"The median price for a home in California is more than $700,000. As Bloomberg reported in 2019, the state has four of the nation’s five most expensive housing markets and a quarter of the nation’s homeless residents. The root of the crisis is simple: It’s very, very hard to build homes in California. When he ran for governor in 2018, Gavin Newsom promised the construction of 3.5 million housing units by 2025. Newsom won, but California has built fewer than 100,000 homes each year since. In Los Angeles, Mayor Eric Garcetti persuaded Angelenos to pass a new sales tax to address the city’s homelessness crisis, but the program has fallen far behind schedule, in part because homeowners fought the placing of shelters in their communities.

"Some of this reflects the difficulty of wielding power in a state where authority is often fractured and decentralized. But that does not explain all of it. Watching SB50, State Senator Scott Wiener’s ambitious bill to allow dense construction near mass transit, fail has become an annual political ritual. Last year, Toni Atkins, the Democratic State Senate leader, sponsored a modest bill to allow duplexes on single-family lots. It passed the Senate, and then passed the Assembly in slightly amended form, and then died because it was sent back to the Senate with only three minutes left in the legislative session. All this in a state racked by a history — and a present — of housing racism.

"This is a crisis that reveals California’s conservatism — not the political conservatism that privatizes Medicare, but the temperamental conservatism that stands athwart change and yells “Stop!” In much of San Francisco, you can’t walk 20 feet without seeing a multicolored sign declaring that Black lives matter, kindness is everything and no human being is illegal. Those signs sit in yards zoned for single families, in communities that organize against efforts to add the new homes that would bring those values closer to reality. Poorer families — disproportionately nonwhite and immigrant — are pushed into long commutes, overcrowded housing and homelessness. Those inequalities have turned deadly during the pandemic.

"“If you’re living eight or 10 people to a home, it’s hard to protect yourself from the virus,” Senator Wiener told me. “Yet what we see at times is people with a Bernie Sanders sign and a ‘Black Lives Matter’ sign in their window, but they’re opposing an affordable housing project or an apartment complex down the street.”

"Once you start looking for this pattern, you see it everywhere. California talks a big game on climate change, but even with billions of dollars in federal funding, it couldn’t build high-speed rail between Los Angeles and San Francisco. The project was choked by pricey consultants, private land negotiations, endless environmental reviews, county governments suing the state government. It has been shrunk to a line connecting the midsize cities of Bakersfield and Merced, and even that is horribly over budget and behind schedule.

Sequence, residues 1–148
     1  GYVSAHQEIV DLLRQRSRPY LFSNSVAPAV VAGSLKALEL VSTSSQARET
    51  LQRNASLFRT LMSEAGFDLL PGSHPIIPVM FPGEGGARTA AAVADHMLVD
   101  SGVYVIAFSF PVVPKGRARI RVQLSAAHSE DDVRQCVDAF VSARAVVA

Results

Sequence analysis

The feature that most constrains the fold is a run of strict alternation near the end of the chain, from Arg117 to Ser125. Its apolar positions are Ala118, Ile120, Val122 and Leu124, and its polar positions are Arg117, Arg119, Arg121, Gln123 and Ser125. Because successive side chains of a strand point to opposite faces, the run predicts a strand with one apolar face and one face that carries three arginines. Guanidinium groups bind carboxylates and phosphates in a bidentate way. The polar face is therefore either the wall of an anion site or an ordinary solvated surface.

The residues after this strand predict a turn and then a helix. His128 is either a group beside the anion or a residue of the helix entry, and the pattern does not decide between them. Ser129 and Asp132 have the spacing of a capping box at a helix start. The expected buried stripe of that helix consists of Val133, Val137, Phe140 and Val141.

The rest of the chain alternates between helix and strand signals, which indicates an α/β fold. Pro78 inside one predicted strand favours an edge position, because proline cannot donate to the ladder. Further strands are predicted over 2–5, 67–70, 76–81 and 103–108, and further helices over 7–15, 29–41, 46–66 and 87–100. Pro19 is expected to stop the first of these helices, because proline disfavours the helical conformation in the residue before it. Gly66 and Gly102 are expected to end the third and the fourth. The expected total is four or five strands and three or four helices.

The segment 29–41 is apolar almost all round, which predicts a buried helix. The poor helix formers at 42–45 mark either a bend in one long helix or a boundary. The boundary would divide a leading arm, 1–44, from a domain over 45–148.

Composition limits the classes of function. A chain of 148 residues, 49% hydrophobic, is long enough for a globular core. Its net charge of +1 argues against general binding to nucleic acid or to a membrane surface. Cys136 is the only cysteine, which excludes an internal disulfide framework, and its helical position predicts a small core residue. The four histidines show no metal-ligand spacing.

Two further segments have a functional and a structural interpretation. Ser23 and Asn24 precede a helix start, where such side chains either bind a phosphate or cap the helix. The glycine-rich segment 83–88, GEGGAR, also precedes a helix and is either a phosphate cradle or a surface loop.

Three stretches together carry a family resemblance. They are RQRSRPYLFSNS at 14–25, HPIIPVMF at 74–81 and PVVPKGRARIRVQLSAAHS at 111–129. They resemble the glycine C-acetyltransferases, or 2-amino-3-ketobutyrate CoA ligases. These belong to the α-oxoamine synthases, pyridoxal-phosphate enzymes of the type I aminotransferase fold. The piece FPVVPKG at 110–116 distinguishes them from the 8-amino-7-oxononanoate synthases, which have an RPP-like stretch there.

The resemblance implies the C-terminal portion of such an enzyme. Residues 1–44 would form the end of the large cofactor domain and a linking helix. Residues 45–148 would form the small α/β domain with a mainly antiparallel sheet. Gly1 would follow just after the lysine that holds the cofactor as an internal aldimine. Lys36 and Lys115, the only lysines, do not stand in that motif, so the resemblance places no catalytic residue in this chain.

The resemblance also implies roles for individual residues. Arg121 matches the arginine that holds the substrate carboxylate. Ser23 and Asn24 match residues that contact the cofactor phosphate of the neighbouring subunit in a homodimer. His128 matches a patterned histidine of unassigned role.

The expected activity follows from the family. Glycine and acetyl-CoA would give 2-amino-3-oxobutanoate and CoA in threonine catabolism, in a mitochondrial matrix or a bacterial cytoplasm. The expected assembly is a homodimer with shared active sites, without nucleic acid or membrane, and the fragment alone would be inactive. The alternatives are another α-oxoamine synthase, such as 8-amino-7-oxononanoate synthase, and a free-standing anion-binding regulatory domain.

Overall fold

"Smaller projects are also herculean lifts. In San Francisco, for example, it took 10 years to get two rapid bus transit lines through environmental review. It’s become common in the state to see legislation like the California Environmental Quality Act wielded against projects that would curb sprawl. Groups with no record of green advocacy use it to force onerous environmental analyses that have been used to block everything from bike lanes to affordable housing developments to homeless shelters.

"The vaccine rollout in California was marred by overly complex eligibility criteria that slowed the pace of vaccinations terribly in the early days. Those regulations were written with good intentions, as California politicians worried over how to balance speed and equity. The result, however, wasn’t fairness, but sluggishness, and California lagged behind the rest of the nation for the first weeks of the effort. Eventually, the state reversed course and simplified eligibility.

"Some conservative outcomes are intended; California’s voters blocked the 2020 ballot initiative restoring affirmative action on purpose. But some reflect old processes and laws that interest groups or existing communities have perverted for their own ends. The California Environmental Quality Act wasn’t passed to stop mass transit — a fact California finally acknowledged when it recently passed legislation carving out exemptions. The profusion of councils and public hearings that let NIMBYs block new homes are a legacy of a progressivism that wanted to stop big developers from slicing communities up with highways, not help wealthy homeowners fight affordable apartments. California wants to be the future, but its governing institutions are stuck in the past. Its structures of decision making too often privilege incumbents who like things the way they are over those who need them to change."

Wow. To do anything decent and fair--even simple, decent, and fair--is a Sisyphean task, apparently. While this could be said of all democratic governance, the stark contrasts of California seem to stand out like a neon light.

I had been raised in an era when democracy was a virtue, when the whole world aspired to be democratic. It wasn't until I read Amy Chua's World on Fire where she argues democracy and free market capitalism breed ethnci hatred and instability that I began to have doubts. Yes, of course it's better than the alternatives, but the more important question for me is whether democracy gets so bad--like the ateriosclerosis of kludgeocracy Klein describes or the ethnic hatreds Chua discusses--that a heart attack inevitably ensues. And this heart attack then brings an end to democracy, and ushers in an authoritarianism that can cut through the kludge and knock heads together in Tito-esque fashion.

I guess the question I ruminate on is whether this is truly inevitable, and whether the aspiration to democracy is inherently a flawed choice for which our children and grandchildren will one day be compelled to pay. What are your thoughts?